Galileo Galilei, observing Venus with his telescope, was among the first to note that the appearance of the planet in the sky varies over time with cycles similar to those of the Moon which appears to us as new, growing, full, and compact. Thanks to those observations made in 1610, Galileo found an important confirmation that the planets revolve around the sun and not the other way around. Despite the role it played in discovering the motions of the planets and their relative proximity to Earth, there are still many things that elude us from the history and present of Venus. NASA and the European Space Agency (ESA) are confident that these gaps will be at least partially filled, and to do so they recently announced important missions to the planet.
By the end of this decade, the European Space Agency’s DAVINCI+, VERITAS, and EnVision probe will have a mission to explore and map Venus, collecting valuable data on the planet’s thick atmosphere that according to some theories could host life. as we know it.
Venus is located on average at a distance of 170 million kilometers from us. It has dimensions and mass similar to Earth, so much so that it is sometimes called the twin of our planet, but it certainly has a less favorable climate. Its atmosphere consists mostly of carbon dioxide, which helps create a greenhouse effect unmatched in the solar system. This circumstance combined with the greater proximity to the Sun, makes Venus the hottest planet in our ocean.
The surface is difficult to notice because Venus is surrounded by very dense and thick clouds, consisting mainly of sulfuric acid. The Earth’s average temperature of 460 degrees Celsius and the acidic composition of the atmosphere make it unlikely that any life form could exist on the surface.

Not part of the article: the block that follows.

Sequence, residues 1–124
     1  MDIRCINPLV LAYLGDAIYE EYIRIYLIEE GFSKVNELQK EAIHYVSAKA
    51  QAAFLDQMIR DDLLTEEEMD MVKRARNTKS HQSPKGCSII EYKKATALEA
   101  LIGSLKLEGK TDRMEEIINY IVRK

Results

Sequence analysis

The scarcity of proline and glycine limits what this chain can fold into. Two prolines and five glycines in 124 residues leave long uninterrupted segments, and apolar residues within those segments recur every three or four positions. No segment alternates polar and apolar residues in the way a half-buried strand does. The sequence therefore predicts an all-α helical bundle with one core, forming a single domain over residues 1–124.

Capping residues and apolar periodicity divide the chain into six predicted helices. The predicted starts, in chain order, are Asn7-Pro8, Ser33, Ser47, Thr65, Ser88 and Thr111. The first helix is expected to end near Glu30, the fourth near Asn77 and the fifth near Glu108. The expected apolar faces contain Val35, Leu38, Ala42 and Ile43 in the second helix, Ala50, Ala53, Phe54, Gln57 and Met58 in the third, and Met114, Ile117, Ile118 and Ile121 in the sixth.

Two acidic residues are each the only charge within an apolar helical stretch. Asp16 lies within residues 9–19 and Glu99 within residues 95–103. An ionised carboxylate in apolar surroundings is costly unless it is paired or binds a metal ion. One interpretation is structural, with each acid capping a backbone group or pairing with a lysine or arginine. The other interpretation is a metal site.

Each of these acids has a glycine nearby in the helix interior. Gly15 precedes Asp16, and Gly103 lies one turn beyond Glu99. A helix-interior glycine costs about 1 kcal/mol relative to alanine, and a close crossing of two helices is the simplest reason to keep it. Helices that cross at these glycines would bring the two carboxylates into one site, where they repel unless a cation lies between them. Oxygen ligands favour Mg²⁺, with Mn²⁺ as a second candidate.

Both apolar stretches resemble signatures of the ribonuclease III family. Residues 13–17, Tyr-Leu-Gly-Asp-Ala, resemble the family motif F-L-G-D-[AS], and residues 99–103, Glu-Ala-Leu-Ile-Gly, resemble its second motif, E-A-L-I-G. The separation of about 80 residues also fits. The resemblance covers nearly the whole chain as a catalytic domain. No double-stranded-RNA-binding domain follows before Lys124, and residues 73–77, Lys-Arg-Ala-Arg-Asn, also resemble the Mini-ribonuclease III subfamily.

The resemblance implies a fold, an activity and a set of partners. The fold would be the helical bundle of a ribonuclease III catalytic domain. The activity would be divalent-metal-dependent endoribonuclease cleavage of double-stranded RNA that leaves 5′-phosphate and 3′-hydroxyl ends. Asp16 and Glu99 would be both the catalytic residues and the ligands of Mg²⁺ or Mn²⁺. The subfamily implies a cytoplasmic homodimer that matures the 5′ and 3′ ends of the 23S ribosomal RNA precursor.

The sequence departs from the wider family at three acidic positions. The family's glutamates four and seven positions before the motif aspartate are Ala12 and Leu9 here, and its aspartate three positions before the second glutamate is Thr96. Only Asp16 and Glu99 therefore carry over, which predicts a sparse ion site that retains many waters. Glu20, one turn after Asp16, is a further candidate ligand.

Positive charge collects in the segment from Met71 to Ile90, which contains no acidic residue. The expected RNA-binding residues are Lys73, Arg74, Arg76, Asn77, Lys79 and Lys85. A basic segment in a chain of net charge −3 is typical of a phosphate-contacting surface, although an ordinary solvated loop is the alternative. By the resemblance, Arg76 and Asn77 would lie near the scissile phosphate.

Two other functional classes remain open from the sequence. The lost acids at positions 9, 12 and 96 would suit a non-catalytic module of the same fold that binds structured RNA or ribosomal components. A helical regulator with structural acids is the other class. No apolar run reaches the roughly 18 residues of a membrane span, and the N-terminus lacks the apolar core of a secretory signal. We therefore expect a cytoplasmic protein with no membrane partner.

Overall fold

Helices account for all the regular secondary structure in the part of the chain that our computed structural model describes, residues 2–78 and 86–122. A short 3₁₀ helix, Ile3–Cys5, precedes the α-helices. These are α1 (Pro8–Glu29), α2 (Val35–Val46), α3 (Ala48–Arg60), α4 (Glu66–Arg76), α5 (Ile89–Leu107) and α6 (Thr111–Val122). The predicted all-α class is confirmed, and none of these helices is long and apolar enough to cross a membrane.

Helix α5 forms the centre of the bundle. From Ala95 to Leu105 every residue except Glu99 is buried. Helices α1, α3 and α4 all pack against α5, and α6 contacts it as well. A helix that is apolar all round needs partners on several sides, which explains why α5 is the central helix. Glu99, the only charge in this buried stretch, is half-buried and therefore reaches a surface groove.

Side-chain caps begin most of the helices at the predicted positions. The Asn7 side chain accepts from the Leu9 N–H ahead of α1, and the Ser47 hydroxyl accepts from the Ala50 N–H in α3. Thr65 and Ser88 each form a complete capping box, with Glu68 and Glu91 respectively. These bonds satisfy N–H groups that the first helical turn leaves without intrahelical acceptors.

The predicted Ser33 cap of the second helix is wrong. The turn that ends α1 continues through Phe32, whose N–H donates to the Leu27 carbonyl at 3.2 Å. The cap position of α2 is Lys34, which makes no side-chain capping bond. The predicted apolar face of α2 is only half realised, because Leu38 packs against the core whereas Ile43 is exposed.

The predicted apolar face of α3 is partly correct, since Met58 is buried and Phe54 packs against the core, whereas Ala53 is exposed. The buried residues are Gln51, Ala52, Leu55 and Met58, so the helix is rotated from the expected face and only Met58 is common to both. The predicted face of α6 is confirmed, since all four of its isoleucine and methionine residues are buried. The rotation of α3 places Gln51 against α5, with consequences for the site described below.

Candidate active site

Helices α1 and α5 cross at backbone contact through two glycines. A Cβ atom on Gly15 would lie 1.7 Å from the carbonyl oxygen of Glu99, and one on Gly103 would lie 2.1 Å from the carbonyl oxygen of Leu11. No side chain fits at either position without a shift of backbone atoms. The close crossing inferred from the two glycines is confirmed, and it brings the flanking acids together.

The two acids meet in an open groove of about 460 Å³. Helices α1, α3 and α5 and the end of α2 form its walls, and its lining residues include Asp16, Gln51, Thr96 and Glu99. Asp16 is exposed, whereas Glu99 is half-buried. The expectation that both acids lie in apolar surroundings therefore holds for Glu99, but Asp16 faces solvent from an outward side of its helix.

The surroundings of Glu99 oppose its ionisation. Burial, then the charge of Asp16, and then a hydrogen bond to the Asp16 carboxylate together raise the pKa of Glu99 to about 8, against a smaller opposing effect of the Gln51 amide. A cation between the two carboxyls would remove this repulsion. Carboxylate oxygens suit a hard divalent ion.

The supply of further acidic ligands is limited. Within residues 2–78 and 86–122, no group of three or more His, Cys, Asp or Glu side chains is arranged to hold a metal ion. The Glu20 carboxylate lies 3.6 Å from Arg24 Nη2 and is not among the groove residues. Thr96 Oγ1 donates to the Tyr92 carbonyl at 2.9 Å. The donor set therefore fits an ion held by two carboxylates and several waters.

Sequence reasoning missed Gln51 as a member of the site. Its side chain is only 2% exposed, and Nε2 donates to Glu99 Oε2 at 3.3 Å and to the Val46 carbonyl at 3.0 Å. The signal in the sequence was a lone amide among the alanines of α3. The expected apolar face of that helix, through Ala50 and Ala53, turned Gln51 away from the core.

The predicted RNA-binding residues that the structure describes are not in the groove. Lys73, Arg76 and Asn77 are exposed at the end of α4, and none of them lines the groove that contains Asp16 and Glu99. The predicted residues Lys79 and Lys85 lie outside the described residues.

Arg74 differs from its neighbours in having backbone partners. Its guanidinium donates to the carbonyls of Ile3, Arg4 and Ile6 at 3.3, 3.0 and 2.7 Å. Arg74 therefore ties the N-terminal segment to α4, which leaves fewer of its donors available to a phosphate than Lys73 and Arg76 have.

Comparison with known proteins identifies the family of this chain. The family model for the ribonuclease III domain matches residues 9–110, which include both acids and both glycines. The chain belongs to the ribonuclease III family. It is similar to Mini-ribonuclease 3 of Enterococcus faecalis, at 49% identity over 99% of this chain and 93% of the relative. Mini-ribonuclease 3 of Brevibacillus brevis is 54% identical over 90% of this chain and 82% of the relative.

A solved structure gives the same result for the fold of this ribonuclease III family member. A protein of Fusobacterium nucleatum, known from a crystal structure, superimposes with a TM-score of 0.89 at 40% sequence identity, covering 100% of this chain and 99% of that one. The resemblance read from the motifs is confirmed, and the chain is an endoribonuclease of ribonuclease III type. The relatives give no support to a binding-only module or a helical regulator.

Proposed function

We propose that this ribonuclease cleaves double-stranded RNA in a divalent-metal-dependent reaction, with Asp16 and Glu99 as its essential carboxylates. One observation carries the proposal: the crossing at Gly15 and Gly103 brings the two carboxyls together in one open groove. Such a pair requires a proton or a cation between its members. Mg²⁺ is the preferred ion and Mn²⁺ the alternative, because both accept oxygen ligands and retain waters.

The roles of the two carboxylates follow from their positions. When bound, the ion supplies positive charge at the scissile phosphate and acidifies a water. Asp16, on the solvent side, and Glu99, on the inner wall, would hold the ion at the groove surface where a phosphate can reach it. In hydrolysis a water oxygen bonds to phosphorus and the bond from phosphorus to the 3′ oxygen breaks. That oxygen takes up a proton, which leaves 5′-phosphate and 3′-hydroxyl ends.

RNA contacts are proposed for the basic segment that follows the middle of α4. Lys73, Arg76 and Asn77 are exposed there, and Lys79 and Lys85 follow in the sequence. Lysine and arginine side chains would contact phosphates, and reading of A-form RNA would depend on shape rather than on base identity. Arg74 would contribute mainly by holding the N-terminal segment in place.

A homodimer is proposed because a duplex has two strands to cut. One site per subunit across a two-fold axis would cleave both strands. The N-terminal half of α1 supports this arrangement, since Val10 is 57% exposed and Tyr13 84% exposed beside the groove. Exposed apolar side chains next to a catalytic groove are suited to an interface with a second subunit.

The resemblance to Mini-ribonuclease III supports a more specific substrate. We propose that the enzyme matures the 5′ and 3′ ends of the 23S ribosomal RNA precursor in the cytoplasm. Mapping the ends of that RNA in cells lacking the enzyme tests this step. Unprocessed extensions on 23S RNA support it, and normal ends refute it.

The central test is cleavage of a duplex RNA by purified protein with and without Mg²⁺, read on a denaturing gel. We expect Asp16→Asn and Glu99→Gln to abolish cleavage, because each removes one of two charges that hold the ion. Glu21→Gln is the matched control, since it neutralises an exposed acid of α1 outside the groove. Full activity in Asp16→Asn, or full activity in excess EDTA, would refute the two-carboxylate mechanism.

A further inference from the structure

However, since the late 1960s, some astronomers have speculated that there may be life forms not on the surface, but in cloud layers 60,000 meters above sea level, where atmospheric pressure and temperatures are more similar to those on Earth. Earth.
This brilliant theory (somewhat creative for the most skeptical people) seems to have received some of it confirmation Last September, after traces of phosphine, a gas associated on Earth with the activities of living organisms, were discovered. Since then, many researchers have debated whether phosphine actually exists and whether it can be reliable evidence for the existence of life.
DAVINCI+ and VERITAS may provide some new clues, but they were not built specifically to detect the presence of phosphine. In fact, the design of the two probes began several years before the new phosphine studies, and so the instruments used were designed for other purposes. For NASA, it will still be an important comeback, considering that it sent the last probe into the atmosphere of Venus in 1978.
Da Vinci +
As you can guess, DAVINCI + owes the name of Leonardo da Vinci, shown by NASA researchers as inspired by his ability to bring “engineering, technology, and art” together. The acronym stands for “Venus’ Deep Atmospheric Exploration of Noble Gases, Chemistry, and Imaging, plus” and the probe will take on the task of collecting data to reconstruct the planet’s past.
In fact, researchers hypothesize that Venus was similar to Earth, with oceans covering much of its surface and possibly the presence of life. Then something happened that caused the planet to lose surface water and become an increasingly hot and hostile place. The data collected could help confirm this theory, understand how Venus-like planets evolved, and make more accurate estimates of what could happen to Earth due to global warming.